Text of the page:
Current History

Siberia: Russia's Economic Heartland and Daunting Dilemma

Reproduced by permission of Current History (October 2004).

Siberia has loomed large in perceptions about Russia's place in the world. Throughout Russia's modern history, Siberia's size—it encompasses more than three-quarters of Russia's total territory—and its geostrategic position astride the Eurasian landmass have contributed significantly to Russia itself. And the exploration and development of Siberia have helped shape Russian national identity. Siberia has been seen as Russia's "treasure chest," the source of new wealth, new territory, and folk traditions that evolved alongside the unique cultures of Siberia's indigenous peoples. Russian writers have extolled Siberia as the "untamed frontier" and a "New World" savior for the rest of Russia. As late as the 1980s, a statement attributed to Mikhail Lomonosov, the great Russian scholar of the eighteenth century—"Russia's power will grow with Siberia"—adorned the walls of Russia's science classrooms.

Siberia, as the primary repository of Russia's massive natural resource base, has played a vital role in underpinning the Russian economy. Furs from the forestlands across the Ural Mountains and Siberia, along with salt and minerals, bolstered the economy of Muscovy and the early Russian empire from the fifteenth to the eighteenth centuries. Siberia's mineral resources fueled the industrialization of the Russian empire in the nineteenth century and the development of Soviet industry after the 1917 revolution. West Siberian oil became the mainstay of the late Soviet economy from the 1960s, and it remains the backbone of the Russian economy today.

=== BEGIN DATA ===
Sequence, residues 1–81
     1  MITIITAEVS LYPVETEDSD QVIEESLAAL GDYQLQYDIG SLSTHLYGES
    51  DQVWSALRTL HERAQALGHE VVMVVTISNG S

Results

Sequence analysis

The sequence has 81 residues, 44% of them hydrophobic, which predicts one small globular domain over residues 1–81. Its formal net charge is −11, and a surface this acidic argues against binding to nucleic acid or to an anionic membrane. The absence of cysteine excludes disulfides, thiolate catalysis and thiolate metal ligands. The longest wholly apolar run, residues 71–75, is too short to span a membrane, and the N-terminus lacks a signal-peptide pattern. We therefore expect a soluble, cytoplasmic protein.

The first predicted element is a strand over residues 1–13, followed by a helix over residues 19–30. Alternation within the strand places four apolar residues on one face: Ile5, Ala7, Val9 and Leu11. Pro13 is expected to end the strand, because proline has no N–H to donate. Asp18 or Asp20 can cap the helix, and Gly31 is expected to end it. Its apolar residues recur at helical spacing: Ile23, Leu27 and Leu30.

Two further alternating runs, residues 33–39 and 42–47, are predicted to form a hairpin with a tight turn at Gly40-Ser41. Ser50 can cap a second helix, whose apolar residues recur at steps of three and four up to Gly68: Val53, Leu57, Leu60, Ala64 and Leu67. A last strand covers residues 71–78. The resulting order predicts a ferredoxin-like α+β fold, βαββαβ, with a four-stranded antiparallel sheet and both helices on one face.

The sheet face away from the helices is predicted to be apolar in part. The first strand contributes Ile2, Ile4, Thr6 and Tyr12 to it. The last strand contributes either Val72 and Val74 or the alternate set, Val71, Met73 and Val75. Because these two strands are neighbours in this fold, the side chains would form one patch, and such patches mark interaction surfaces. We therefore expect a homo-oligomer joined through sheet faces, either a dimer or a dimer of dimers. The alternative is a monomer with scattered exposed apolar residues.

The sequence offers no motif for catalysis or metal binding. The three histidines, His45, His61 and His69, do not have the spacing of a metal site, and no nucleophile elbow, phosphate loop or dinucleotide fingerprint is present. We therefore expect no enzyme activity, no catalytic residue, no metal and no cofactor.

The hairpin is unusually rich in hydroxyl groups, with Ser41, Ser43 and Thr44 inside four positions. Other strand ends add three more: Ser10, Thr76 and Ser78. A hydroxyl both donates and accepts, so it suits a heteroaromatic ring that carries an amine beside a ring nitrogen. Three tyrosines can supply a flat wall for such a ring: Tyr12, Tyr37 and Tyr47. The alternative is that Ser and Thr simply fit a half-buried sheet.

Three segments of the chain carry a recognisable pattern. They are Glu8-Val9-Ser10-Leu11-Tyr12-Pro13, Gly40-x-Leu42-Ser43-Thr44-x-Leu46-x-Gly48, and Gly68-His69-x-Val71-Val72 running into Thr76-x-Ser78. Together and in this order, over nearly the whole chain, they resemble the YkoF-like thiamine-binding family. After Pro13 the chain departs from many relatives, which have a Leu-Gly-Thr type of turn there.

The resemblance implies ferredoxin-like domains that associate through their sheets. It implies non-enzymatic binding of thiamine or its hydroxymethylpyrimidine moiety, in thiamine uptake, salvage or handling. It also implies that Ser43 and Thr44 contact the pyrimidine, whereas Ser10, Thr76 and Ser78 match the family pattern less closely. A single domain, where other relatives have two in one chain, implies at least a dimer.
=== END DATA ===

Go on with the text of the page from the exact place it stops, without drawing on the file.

According to Russian calculations, Siberia holds just under 80 percent of Russia's oil resources, about 85 percent of its natural gas, 80 percent of its coal, similar amounts of precious metals and diamonds, and a little over 40 percent of the nation's timber resources. As a result of this rich base, and its exploitation, Siberia is in many respects what geographer David Hooson would call Russia's "effective national territory," or its economic heartland—the region that produces a surplus relative to the size of its population and that essentially supports the rest of the country. As a number of recent studies by geographer Michael Bradshaw and economist Peter Westin have demonstrated, with the exception of the city of Moscow and the industrial region of Samara in the Urals, the major contributors to the Russian economy in terms of per capita gross regional product (GRP) are all natural-resource regions, primarily in Siberia and the Russian Far East. The oil-producing region of Tyumen in West Siberia tops the list; then Chukotka, also a major energy producer; Sakha (Yakutia), the site of Russia's world-class diamond industry; Magadan, a major mining region; Sakhalin, the island repository off the Pacific coast of one of Russia's richest new finds of oil and gas; and Krasnoyarsk, a vast coal mining, mineral, and precious metal producing region.

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